Rural origins in creations of resident landscapers
In the north of Rio Grande do Sul, Brazil, the persistence in the 1970s of active rural farm women in a region in environmental and economic decline may be explained by their symbolic relationship with their gardens. This study aims to carry out two case studies of resident landscapers in the municipality of Victor Graeff, and examine how they express their rural origins in topiary compositions and in creating plant collections. We make suggestions for the activity of technical professionals, as well as possible uses of landscaping knowledge in this time of transition. After identifying the desires of well-being and quality of life expressed within these private landscaping creations, it may be seen that creation of a scenic tour of rural gardens has assisted in cultivating self-esteem in these inhabitants, as well as their receptiveness to the view of the tourist from the outside. The technical professional should not impede the manifestation of individual motivations because, without them, there is no successful collective process of tourism which values uniqueness and local flavor. As for the resident landscaper, being able to express oneself with dignity nourishes self-esteem in a wise manner. However, since this is an ongoing process, dialogues and constant collective decision-making are necessary. In this dynamic process, where craft and nature mutually enrich the imagery of daily life of these resident landscapers, these topiary artists and collectors of identity-defining plants show us that they carry their dreams and their precepts of rural life with them wherever they go.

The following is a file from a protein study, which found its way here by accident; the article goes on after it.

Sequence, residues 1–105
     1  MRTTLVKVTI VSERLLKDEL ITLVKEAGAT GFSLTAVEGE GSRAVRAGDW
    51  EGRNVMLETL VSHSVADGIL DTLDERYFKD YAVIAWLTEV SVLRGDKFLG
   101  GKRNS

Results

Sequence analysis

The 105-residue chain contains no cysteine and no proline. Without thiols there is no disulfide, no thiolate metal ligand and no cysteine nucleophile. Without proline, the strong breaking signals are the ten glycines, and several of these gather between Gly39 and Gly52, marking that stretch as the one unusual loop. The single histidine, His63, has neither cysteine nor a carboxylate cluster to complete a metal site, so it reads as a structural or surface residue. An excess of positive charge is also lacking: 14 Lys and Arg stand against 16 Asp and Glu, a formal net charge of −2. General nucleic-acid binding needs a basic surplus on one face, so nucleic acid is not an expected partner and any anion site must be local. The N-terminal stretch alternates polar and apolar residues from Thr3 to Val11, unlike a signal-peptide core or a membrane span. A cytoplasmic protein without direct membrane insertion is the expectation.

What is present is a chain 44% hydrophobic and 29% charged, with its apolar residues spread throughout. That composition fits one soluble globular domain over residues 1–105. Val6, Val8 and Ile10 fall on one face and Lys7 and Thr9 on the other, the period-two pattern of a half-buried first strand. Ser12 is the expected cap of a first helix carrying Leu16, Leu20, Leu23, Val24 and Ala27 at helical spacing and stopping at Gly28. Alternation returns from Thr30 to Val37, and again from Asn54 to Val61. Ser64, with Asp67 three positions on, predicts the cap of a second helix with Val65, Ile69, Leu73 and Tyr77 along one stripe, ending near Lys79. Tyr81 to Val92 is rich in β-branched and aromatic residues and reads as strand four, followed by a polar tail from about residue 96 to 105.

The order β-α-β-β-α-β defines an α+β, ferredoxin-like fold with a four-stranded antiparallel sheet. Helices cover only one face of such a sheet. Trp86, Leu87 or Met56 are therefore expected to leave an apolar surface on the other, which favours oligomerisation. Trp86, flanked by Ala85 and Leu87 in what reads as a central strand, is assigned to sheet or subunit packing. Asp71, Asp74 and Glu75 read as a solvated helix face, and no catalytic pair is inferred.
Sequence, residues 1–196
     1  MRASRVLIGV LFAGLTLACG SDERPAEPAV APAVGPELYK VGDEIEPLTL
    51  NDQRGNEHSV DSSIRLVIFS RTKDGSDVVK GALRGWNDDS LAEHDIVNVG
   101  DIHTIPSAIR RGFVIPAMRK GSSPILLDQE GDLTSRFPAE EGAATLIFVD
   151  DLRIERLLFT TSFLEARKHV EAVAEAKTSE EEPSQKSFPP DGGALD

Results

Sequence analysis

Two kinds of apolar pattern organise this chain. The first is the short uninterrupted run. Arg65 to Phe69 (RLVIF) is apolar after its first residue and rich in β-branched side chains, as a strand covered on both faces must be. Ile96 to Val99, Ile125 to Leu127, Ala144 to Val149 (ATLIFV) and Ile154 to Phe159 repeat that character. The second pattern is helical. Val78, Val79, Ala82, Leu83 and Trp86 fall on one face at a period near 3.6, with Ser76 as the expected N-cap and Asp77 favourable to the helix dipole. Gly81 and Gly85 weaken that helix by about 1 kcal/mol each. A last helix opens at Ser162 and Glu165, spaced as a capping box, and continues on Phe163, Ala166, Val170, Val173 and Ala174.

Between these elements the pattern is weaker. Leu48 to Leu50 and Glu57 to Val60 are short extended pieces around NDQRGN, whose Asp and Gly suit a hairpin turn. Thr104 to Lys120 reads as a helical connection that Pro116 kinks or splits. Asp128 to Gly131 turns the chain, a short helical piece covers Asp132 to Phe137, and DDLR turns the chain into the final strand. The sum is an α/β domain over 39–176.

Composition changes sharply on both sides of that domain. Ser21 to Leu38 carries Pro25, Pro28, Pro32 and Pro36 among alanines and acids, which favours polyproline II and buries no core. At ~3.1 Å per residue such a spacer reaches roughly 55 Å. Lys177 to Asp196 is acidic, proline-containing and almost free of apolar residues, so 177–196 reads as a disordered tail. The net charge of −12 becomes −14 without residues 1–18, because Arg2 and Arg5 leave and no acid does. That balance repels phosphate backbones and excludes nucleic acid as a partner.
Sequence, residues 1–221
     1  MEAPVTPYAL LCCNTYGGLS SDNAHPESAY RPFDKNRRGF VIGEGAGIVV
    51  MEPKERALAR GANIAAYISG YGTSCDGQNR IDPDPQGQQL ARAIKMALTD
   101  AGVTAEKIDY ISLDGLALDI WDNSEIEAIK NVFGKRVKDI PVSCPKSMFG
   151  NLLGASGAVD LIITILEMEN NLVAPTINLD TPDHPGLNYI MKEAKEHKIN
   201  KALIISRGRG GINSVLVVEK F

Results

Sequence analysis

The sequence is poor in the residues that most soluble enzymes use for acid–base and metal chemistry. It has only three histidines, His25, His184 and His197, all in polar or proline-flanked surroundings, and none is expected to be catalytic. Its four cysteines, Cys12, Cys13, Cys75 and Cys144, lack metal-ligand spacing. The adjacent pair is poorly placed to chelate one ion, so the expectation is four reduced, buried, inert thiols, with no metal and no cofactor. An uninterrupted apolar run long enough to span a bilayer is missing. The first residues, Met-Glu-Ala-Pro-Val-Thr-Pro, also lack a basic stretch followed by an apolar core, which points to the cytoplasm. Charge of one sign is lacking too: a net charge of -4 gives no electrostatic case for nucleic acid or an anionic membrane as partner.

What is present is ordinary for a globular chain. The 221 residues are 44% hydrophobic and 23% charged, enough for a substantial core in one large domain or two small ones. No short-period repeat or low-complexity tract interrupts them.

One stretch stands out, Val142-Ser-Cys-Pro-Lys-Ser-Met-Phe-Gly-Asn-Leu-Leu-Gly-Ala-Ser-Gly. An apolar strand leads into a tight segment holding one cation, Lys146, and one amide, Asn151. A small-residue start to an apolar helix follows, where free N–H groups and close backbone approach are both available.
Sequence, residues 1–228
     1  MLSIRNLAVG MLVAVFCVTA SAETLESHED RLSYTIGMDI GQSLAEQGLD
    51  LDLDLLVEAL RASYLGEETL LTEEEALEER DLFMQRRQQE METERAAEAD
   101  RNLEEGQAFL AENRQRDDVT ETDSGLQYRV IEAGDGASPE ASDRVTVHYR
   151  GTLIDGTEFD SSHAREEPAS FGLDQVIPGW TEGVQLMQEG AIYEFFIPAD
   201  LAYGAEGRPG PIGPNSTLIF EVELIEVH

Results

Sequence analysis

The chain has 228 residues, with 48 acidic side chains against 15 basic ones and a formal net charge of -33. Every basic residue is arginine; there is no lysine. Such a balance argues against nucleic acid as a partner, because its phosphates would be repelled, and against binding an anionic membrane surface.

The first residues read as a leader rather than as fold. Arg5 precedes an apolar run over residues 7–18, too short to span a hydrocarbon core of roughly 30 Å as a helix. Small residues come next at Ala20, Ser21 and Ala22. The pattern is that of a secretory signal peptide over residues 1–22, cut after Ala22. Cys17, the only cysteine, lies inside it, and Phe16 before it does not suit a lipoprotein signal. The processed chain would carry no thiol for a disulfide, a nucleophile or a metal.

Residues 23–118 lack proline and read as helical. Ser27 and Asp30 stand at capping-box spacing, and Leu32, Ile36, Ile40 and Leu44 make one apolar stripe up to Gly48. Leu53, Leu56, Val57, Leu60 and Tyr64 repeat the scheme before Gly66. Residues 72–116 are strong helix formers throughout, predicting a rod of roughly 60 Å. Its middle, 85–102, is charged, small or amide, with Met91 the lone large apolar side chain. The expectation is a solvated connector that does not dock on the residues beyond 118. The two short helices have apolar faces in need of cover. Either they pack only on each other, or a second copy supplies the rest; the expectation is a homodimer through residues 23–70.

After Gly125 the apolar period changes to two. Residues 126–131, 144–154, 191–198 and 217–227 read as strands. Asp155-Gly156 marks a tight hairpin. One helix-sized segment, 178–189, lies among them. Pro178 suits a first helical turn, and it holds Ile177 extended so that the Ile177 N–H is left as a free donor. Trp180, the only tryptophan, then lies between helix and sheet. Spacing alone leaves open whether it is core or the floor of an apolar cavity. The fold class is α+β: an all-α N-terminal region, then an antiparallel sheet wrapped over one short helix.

Petry, C. (2016). Rural origins in creations of resident landscapers. Acta Hortic. 1108, 131-138
Brazilian resident landscapers, landscaping, green heritage, association, rural tourism